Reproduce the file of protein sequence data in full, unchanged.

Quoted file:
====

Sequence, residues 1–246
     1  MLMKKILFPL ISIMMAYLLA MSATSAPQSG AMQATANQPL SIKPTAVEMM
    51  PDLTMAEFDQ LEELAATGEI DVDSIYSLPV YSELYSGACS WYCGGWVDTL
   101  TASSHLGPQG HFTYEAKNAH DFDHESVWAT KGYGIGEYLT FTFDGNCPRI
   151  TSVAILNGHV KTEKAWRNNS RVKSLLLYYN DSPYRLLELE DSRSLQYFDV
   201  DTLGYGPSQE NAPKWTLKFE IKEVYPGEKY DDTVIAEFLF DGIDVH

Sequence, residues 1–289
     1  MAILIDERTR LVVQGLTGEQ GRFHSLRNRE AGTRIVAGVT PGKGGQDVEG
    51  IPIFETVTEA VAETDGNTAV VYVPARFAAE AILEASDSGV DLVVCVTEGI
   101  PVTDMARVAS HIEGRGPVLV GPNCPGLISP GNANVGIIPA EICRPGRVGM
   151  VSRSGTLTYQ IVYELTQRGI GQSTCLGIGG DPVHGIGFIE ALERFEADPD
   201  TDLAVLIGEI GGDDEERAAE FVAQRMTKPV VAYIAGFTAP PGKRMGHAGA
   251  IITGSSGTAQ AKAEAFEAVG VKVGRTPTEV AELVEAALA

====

Sequence, residues 1–246
     1  MLMKKILFPL ISIMMAYLLA MSATSAPQSG AMQATANQPL SIKPTAVEMM
    51  PDLTMAEFDQ LEELAATGEI DVDSIYSLPV YSELYSGACS WYCGGWVDTL
   101  TASSHLGPQG HFTYEAKNAH DFDHESVWAT KGYGIGEYLT FTFDGNCPRI
   151  TSVAILNGHV KTEKAWRNNS RVKSLLLYYN DSPYRLLELE DSRSLQYFDV
   201  DTLGYGPSQE NAPKWTLKFE IKEVYPGEKY DDTVIAEFLF DGIDVH

Sequence, residues 1–289
     1  MAILIDERTR LVVQGLTGEQ GRFHSLRNRE AGTRIVAGVT PGKGGQDVEG
    51  IPIFETVTEA VAETDGNTAV VYVPARFAAE AILEASDSGV DLVVCVTEGI
   101  PVTDMARVAS HIEGRGPVLV GPNCPGLISP GNANVGIIPA EICRPGRVGM
   151  VSRSGTLTYQ IVYELTQRGI GQSTCLGIGG DPVHGIGFIE ALERFEADPD
   201  TDLAVLIGEI GGDDEERAAE FVAQRMTKPV VAYIAGFTAP PGKRMGHAGA
   251  IITGSSGTAQ AKAEAFEAVG VKVGRTPTEV AELVEAALA